The holidays are over and many, health conscious Americans have already begun or are thinking about a bio-detoxification program to start off the New Year. If you haven’t already started a detox program, consider the “Easy 3 – Step Bio-Detoxification program from Biotics Research. It will cleanse your body from head-to-toe leaving you energized and revitalized.
Once the detox program is completed, then what? For many, that’s the end? They begin the cycle all over again and wait till next January to rid themselves of a year’s worth of toxins? It just wasn’t the holiday diet and lifestyle excesses that made them feel the need to detox. We live in a “Toxic World”. Our bodies accumulate toxins every day. The holiday excess was just “the straw that broke the Camel’s back”, so to speak. With that thought in mind, I want to share some ideas on how to reduce our daily toxic load and assure adequate nutrients are available to support the body’s detox pathways.
One way to reduce our daily toxic load is by becoming more aware of, and avoiding common toxins found in food, beverages and the environment.
Acetaldehyde is a common and potent neurotoxin. Acetaldehyde is ubiquitous in the ambient environment. It is formed as a product of incomplete wood combustion in fireplaces and woodstoves, coffee roasting, burning of tobacco, vehicle exhaust fumes, and coal refining. Many individuals are exposed to acetaldehyde by simply breathing ambient air. Other environmental sources of acetaldehyde include room air deodorizers, cologne’s and perfumes1. Inhalation of air containing elevated levels of acetaldehyde can cause respiratory tract irritation, central nervous system depression and possibly pulmonary edema. Very high concentrations can cause dizziness, respiratory depression, convulsions or even death2.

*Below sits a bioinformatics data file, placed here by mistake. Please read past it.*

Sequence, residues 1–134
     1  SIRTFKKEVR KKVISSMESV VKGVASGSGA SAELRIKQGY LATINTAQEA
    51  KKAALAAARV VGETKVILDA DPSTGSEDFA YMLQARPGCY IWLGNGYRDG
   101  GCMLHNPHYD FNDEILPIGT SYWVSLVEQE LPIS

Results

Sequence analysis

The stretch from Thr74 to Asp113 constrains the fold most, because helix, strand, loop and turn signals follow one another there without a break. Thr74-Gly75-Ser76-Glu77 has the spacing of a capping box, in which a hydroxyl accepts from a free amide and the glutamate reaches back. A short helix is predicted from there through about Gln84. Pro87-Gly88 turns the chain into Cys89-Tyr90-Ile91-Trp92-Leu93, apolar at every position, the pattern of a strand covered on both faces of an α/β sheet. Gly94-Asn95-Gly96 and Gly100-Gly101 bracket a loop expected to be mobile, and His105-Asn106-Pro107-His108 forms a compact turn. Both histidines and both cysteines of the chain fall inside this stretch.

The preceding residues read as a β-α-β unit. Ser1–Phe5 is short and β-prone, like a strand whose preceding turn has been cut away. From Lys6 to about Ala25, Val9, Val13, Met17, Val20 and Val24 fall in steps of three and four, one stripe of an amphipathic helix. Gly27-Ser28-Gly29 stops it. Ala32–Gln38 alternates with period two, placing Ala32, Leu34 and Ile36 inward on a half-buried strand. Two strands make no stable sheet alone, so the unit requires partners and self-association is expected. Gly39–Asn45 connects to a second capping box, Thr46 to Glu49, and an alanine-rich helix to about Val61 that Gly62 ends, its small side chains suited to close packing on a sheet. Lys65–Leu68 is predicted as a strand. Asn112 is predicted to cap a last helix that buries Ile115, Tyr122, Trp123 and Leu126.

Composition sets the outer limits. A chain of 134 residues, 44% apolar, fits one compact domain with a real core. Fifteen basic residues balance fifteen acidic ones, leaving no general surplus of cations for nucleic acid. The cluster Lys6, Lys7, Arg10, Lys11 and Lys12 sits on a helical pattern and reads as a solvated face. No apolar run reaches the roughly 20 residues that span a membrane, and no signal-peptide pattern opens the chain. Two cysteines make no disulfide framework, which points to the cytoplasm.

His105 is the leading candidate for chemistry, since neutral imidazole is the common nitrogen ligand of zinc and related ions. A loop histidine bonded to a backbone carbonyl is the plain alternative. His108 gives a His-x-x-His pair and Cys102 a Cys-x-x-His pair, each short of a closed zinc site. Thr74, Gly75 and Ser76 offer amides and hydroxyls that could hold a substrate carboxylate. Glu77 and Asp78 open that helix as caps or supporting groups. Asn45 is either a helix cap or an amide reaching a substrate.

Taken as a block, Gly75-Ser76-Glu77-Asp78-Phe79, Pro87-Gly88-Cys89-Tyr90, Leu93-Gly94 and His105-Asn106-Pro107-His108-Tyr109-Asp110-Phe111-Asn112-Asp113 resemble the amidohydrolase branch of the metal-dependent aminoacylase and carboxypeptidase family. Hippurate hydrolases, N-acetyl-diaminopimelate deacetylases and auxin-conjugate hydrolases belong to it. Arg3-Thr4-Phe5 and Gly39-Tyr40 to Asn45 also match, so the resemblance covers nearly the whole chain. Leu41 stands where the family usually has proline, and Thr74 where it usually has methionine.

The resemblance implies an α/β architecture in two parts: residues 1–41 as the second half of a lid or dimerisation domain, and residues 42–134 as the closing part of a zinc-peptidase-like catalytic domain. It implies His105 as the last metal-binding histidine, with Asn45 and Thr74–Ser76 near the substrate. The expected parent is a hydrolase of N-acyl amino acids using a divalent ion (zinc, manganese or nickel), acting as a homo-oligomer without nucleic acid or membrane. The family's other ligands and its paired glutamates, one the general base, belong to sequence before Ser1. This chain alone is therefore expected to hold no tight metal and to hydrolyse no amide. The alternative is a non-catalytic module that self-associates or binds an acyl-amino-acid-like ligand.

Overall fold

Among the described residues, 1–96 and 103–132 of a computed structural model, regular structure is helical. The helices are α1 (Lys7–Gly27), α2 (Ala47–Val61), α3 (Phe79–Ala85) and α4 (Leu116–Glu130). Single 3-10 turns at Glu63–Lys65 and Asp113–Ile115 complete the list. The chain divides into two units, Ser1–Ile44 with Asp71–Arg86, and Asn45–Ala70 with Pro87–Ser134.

Since June of 2004, I have made it a practice to do a detox program at least twice a year. One of the most positive side effects of detoxing I have experienced was that my chronic allergic reactions to airborne pollen, environment chemicals and mold, and certain foods would greatly subside or be completely eliminated within a week of starting my detox. So what is the link between detoxing and allergies?
Despite the number of neurotropic drugs introduce over the past three decades, there has been an astonishing increase in neurological disorders in the United States. An article in “Ethical Human Psychology and Psychiatry”, Volume 7, Number 1, Spring, 2005, written by Robert Whitaker, states that “The number of Americans disabled by mental illness has nearly doubled since 1987, when Prozac-the first in a second generation of wonder drugs for mental illness-was introduced.” Mr. Whitaker also documents that in placebo controlled studies involving anxiety, depression and other neurological disorders, relapse was significantly higher in the pharmacotherapy groups as compared to those taking a placebo.
Maybe it’s time for a paradigm shift in the way we address anxiety, depression and other neurological disorders. A number of published studies have looked at the connection between diet and mood, as well as, how the availability of neurotransmitter precursors and other metabolic co-factor impact the synthesis of neurotransmitters.
Nutritional Wellbeing is a matter of Supply and Demand.